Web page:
I’ve said it a hundred times; “Comparison is the thief of joy!” But that doesn’t stop me from getting a little carried away sometimes. As a parent, I find myself exceptionally quick to compare. One of the really great parts of being a teacher is that I get to see families in action. I am impressed constantly at the parenting I see happening in this community. I’ve seen tough love, gigantic humor, incredible logic, deep faithfulness and inspiring mercy. When I see a parent do something awesome I often say to myself, “Geeze, why didn’t I ever do that!” I see parents who are more creative than I was, more patient than I was, more prayerful than I was and I often feel like I should send my kids a note of apology…especially the first one! Knowing what I know now, there are lots of days I’d like to go back a couple of decades and start over because my kids deserved a mom that was more fun, more carefree, and much less…well…nuts about things like picking up socks and brushing teeth and all the other stuff I thought was a big deal at the time.
When the comparisons get me all flustered, I stop myself and realize I did the best I could and that the kids have a super great dad who balanced me out. It’s about then that I also realize that the one thing I REALLY got right then (and now) is to pray for my kids dozens of times a day. That makes me sigh in relief because despite my shortcomings as a mom, God’s really the one in charge! Sometimes I still look back and hope I got more things right than screwy! I hope I taught them enough lessons about truth, compassion, faith and kindness. I think as parents we sometimes get lost in the fear of “did I do/ or am I doing enough.” We second guess ourselves and we compare. I think sometimes we hold ourselves to the most ridiculous, impossible standards. We let Pinterest be our compass. We think if we’re sitting still we’re wasting time and we forget that they are his, not ours. He made them perfect and no amount of glow in the dark slime, elite ball teams or private lessons in anything will ever top the perfection with which they were created, nor will I ever be able to top the love and protection the creator has for them. Comparisons are not the work of the Father.
As we prepare for the first of the three little Wohlferts to get married, I was feeling sentimental, old and inadequate. I was making this list in my mind of all the things we didn’t do like go to Disney, let the kids play every sport they wanted or take trips that exposed them to culture, art and travel. We went to Grandpas in Kansas, went camping and spent most of every summer raising livestock getting ready for the 4-H fair. I got a little carried away thinking I hadn’t done enough when I came across this letter written by a foster child from Oklahoma. It sort of put everything in perspective. The child was asked to write about the things they wanted in a family. Here is the response…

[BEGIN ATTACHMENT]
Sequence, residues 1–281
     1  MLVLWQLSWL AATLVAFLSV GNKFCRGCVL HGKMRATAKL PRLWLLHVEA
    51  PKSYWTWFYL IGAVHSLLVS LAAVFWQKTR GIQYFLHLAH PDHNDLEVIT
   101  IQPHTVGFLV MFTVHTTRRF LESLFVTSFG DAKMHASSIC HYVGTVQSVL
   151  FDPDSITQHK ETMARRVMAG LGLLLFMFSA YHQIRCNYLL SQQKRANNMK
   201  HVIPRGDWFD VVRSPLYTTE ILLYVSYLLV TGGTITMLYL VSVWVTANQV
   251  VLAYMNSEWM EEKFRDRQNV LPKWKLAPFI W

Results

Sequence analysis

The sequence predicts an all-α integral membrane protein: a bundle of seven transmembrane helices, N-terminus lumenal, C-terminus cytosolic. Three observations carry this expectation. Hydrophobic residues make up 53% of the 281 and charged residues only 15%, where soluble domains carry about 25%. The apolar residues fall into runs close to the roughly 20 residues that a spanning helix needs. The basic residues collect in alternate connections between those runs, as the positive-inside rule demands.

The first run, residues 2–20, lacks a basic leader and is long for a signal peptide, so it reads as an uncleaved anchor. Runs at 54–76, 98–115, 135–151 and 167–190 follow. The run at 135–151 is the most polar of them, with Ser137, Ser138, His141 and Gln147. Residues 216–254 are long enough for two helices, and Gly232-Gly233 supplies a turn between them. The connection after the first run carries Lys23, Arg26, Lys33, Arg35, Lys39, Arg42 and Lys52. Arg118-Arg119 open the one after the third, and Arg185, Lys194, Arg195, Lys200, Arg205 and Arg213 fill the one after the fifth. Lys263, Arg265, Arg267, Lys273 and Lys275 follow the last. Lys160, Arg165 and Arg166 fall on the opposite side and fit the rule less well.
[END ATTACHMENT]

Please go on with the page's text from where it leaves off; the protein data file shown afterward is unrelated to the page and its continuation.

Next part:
In my family I want food and water. Don’t hit on me. A house with running water and lights. I want love. Mom and Dad don’t fight. I want no drugs. Don’t kill my pets. Help me with school. Nice clean clothes. No lice or bugs in the house. Clean house and a clean bed with covers. Don’t sell my toys. To be treated fair. Don’t get drunk. TV in the house. Let me keep my games and school stuff. Nice shoes. My own comb. Soap. Nice safe house with a heater. A coat and a toothbrush.
After I finished my big ole ugly cry, I thanked God for my parents, then I prayed for the astonishing number of kids who could have easily written that letter and then I realized that things like trips, fancy stuff and being the Pinterest Mother of the Year meant nothing. Turns out I gave my kids more than I realized…they were prayed for, read to, loved, challenged and held responsible. They had to work and sometimes entertain themselves and figure things out. As I often do, I had let things spin sideways in my mind and left God’s work out of the picture, taking on the weight of it all myself. I suppose once again I got a lesson in trading comparison for gratitude!
A Seed To Plant: Make a list of all the places you compare yourself to others. Pray with that list for a couple of days and then tear it up and ask God to help you replace those comparisons with gratitude. If you’re a parent, stop and say a prayer for each of your children right this minute and then go play; dinner can be late, laundry can pile up and dishes can be washed later…just go play for a few minutes! If you’re not a parent, what can you do to help one and all of us need to stop and pray for families everywhere!
Blessings on your day!